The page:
A new start-up is born
Mango peel is commonly regarded as a waste by-product in fruit processing and typically ends up in landfills or open dumpsites. Around 1,000 tons of mango waste (some 10 percent of all solid waste) are generated every day by the mango processing industry in Cebu. Research undertaken by BioPERC, however, revealed that mango peel has significant health benefits. It contains high quantities of carbohydrates and crude fiber, can be an excellent source of pectin and has good antioxidative and antimicrobial qualities.
BioPERC developed a novel way to recover the beneficial elements of mango waste and to convert it into high value products. BioPERC’s researchers, Dr. Evelyn Taboada, and Dr. Francis D. Siacor, filed a patent application with IPOPHL in 2012 and subsequently filed an international patent application under WIPO’s Patent Cooperation Treaty (PCT). On the strength of these applications, the University has entered into a joint venture with a local investor to create a small start-up company, Green Enviro Management Systems (GEMS), Inc. which has an exclusive license to use the process and produce products for a wide range of applications in the food, pharmaceutical, personal care, and energy industries.
The University’s implementation of a fully-fledged IP policy (covering trademarks, designs, copyright and trade secrets) promises new and significant revenue streams. The inventors and departments responsible for these inventions will also benefit from the University’s IP policy royalty-sharing scheme. Slowly but surely, IP commercialization is becoming a reality. As some of the big names in Philippine business take an interest in the University’s work, the promise of long-term financial sustainability is taking shape.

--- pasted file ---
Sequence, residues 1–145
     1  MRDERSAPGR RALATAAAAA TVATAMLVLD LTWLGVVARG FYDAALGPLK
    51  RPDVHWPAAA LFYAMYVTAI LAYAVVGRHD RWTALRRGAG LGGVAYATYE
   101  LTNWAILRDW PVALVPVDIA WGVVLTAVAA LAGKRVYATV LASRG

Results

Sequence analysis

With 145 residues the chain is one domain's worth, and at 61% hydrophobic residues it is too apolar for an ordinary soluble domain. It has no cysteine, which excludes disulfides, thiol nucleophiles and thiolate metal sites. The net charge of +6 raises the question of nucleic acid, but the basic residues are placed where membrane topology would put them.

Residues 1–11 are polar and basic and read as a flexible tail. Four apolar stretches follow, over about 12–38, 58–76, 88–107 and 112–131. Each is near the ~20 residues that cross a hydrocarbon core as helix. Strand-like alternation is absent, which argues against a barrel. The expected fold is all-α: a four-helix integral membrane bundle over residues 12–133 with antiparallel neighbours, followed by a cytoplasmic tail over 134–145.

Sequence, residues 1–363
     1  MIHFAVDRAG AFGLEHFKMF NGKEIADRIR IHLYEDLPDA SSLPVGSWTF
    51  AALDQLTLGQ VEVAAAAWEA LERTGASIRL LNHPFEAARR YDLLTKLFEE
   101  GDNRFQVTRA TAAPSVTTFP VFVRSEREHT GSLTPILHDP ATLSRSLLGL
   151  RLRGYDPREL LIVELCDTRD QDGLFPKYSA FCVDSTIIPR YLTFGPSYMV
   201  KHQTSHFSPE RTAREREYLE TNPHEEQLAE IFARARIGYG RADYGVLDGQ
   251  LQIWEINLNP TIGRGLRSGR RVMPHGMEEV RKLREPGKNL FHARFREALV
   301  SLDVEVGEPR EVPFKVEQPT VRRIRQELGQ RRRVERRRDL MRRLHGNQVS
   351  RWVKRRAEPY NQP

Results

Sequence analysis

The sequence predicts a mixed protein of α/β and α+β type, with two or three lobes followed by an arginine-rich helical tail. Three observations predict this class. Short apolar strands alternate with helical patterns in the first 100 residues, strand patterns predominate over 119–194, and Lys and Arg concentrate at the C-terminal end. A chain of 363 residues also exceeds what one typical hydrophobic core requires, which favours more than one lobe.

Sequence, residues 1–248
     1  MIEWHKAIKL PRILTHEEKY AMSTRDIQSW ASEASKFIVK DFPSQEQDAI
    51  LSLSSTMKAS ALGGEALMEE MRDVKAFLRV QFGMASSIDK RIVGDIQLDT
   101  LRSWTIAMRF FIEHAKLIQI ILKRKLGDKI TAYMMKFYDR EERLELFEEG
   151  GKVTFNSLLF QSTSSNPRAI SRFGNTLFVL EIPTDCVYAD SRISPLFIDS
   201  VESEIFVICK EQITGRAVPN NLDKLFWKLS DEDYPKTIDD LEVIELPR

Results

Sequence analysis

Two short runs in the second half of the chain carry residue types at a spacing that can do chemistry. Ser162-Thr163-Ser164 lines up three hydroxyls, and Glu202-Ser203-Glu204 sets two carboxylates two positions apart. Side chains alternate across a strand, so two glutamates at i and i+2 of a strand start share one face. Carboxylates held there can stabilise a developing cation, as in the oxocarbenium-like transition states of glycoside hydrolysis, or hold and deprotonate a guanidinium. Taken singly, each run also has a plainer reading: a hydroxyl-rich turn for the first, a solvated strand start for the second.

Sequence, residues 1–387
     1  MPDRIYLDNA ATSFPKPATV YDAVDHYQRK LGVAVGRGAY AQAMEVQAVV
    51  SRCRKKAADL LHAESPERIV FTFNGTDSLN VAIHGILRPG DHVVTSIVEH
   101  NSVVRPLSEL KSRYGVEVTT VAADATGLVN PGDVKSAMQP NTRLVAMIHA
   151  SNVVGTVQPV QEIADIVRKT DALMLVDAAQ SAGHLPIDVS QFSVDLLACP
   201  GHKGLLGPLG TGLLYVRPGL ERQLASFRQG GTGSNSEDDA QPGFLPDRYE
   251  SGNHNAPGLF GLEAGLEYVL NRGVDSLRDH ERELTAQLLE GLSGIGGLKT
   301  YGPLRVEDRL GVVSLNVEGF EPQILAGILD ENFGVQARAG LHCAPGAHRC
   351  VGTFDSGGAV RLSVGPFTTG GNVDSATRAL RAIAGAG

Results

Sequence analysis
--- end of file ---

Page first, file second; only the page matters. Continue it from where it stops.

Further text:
Patents as the core of business
The University’s commitment to IP commercialization will put it in a stronger position to get a return on its R&D outputs. It is currently exploring a variety of means, including joint ventures, licensing and sub-licensing arrangements, to expand the application of its waste management technology to other cities and jurisdictions with waste management challenges. The University’s success to date, in terms of filing patent applications and sealing deals with local businesses to commercialize its technology, is demonstrating the income-generating potential of an effective IP strategy. This, in turn, is opening up the academic mindset to the countless possibilities that can derive from building bridges with business through strategic use of IP.